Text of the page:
The tool we need to reveal the true "latent" content behind the "manifest" network of associations hovering around CC is already at hand. Our analysis of Mondrian's subversion of the archetype is the key to a remarkably simple and complete transformation of material already covered. Let us recall that Mondrian's theories bore a remarkable resemblance to those of Jung, as though Mondrian wished his work to be an embodiment of the archetype in its most fundamental form. Ultimately, however, it became clear that the source of the resemblance was not similarity but opposition: Mondrian's work can be regarded as a mirror opposite of the archetype, each mature painting a true antimandala. As we have demonstrated, Mondrian opens the archetypal image out onto its surface, transforming a highly symbolic "transcendency" into a perceptually determined material entity. As Brakhage's negative syntax is essentially equivalent to that of Mondrian, we may approach his struggle with the archetype from the same standpoint as that of the painter. Thus the associational background of CC may be "decoded" by opening or, what amounts to the same thing, inverting, the analysis we have already presented.
In Jungian terms, the search for the archetype involves a process of reduction of all elements to the idealized, abstract relationships symbolized by them. Thus the four protagonists of CC can be abstracted to the "marriage quaternio," with the cat as "central symbol." Underlying this "mandala" is the "fourfold conjunction of opposites" which is the cross, in Christian terms "the light." Jungian analysis thus leads to a spatial configuration, a gestalt, symbolizing that which can neither be perceived nor thought -- the ineffable. Opening this symbol is equivalent to the opening of form itself into space or the event into time. Structural weight moves from the center to the periphery, from the "timeless" whole to the ephemeral trace. Ultimately, it is only in the context of a coherent "event" that the symmetrical images of CC can function as mandalas which the film's spatial polarizations can resolve into a symbolizing conjunction. With the disruption of the event through negative syntax, the images cannot signify; the left-right, up-down polarizations intensify into a fourfold disjunction of opposites. The ineffable reveals itself as the matter of fact.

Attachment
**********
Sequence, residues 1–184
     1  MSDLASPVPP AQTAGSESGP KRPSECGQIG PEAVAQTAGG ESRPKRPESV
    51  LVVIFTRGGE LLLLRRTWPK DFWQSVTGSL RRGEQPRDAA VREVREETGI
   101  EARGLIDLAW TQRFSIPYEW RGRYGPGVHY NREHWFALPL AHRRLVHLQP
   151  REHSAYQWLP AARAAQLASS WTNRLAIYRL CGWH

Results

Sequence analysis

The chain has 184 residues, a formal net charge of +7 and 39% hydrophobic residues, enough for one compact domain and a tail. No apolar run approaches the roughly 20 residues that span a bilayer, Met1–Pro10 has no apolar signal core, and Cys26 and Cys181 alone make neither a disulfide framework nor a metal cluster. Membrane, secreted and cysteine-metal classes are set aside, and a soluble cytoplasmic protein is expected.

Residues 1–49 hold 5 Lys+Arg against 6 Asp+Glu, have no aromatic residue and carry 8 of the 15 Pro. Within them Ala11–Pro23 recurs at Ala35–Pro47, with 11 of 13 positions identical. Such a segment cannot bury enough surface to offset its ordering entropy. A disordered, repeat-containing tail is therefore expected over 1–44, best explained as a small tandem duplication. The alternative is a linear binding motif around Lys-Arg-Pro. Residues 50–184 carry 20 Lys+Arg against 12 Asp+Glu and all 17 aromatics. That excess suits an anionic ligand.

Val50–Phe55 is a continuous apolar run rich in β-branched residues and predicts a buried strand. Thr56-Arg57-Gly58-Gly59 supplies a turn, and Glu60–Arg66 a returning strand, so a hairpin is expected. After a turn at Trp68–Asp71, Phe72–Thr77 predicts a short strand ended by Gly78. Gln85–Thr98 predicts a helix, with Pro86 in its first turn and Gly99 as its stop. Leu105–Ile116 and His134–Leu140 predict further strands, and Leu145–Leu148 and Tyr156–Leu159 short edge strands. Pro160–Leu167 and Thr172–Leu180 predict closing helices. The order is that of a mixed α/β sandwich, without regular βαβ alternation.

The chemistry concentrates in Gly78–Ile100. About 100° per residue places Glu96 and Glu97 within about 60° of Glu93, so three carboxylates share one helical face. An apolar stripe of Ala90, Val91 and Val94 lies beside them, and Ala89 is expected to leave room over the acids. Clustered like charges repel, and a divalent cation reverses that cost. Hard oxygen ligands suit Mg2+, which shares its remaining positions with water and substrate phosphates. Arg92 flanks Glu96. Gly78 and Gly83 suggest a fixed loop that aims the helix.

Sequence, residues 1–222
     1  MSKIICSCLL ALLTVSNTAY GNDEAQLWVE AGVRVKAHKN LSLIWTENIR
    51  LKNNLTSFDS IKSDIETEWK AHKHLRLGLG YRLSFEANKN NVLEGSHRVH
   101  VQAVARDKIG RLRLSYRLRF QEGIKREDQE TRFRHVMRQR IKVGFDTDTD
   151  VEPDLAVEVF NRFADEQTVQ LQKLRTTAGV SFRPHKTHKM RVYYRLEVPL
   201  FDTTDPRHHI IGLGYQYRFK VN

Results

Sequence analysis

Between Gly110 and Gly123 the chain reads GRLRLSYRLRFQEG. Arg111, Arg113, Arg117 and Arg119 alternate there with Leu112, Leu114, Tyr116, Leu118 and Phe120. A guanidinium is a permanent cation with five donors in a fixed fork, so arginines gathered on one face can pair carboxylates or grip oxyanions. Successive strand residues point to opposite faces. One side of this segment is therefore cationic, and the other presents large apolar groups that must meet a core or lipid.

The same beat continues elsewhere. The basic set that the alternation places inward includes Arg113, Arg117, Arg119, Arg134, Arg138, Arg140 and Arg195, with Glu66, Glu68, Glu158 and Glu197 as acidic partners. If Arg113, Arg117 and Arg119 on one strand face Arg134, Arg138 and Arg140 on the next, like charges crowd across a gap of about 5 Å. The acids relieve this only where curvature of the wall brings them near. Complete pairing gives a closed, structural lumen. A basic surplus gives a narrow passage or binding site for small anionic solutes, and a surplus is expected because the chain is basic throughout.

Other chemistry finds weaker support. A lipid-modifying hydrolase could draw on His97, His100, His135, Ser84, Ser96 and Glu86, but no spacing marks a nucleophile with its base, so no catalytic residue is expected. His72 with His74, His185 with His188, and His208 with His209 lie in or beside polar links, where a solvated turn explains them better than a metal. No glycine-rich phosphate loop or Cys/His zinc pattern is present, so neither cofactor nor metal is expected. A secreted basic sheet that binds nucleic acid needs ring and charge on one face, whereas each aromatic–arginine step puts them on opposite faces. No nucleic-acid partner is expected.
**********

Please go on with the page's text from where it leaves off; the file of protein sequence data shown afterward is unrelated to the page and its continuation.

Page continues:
Nowhere is Brakhage's "inversion" of Jung more forceful than in his treatment of the cat. For Jung, this would be a conjunction, a condensation, symbolizing many things at once. As we have seen, moreover, everything signified by the cat has in common a mediating function. Thus, in Jungian terms, the cat is the "central symbol," a transcendance within which all differences are reconciled. Ultimately, the central symbol, as dissolver of difference, cannot be distinguished from the archetype itself, the invisible "archetype as such," (prior to any archetypal image) which we have already identified as light. Thus the elusive image of the cat becomes not only the light (and heat) of the sun, but the ineffable "light" of symbolization itself.
In opening the archetype, and the symbolic process of which it is the essence, Brakhage opens this "light" to the surface, revealing it (as in DSM) as the light which actually pervades the film as projected, the light of the projector bulb. This it is which is ultimately embodied by the cat, or, more literally, the negative space of its projected "shadow," distributing light equally throughout screen-space, "stitching" with light from one shot to the next. In this context, both cat and sun resolve into plastic cutting as passage. True to the ultimately disjunctive nature of passage, the cat "reconciles" through intensification of all polarities, thus, like dynamic equilibrium, or the Webernian series, functioning as a "destruction of the plastic means." This is equivalent to the neutralization of all imagery, the opening out of all differences which could lead to signification.
While Brakhage can be said to have reduced the ineffable to the ephemeral, the
symbolic to the matter of fact, this "reduction" must not be misconstrued. All the intensity of the original
associations is maintained in and through the basic structural principle. Ultimately, the sexual "heat"
of the cat, the "erotisation of sight," and Brakhage's negative montage are one and the same.
The Liberation of Vision
In a Freudian dream analysis, the latent content is understood to be that which is signified by the manifest content. A typical film "dream" does, indeed, contain "signifiers" which point to a latent "signified." However Brakhage's later films disrupt the sign function. Thus, despite their "manifest" existence, they cannot be regarded as manifest dream-content in the Freudian sense. For this reason, as we have maintained, the "manifest" content of a film like CC must be sought in its associational background.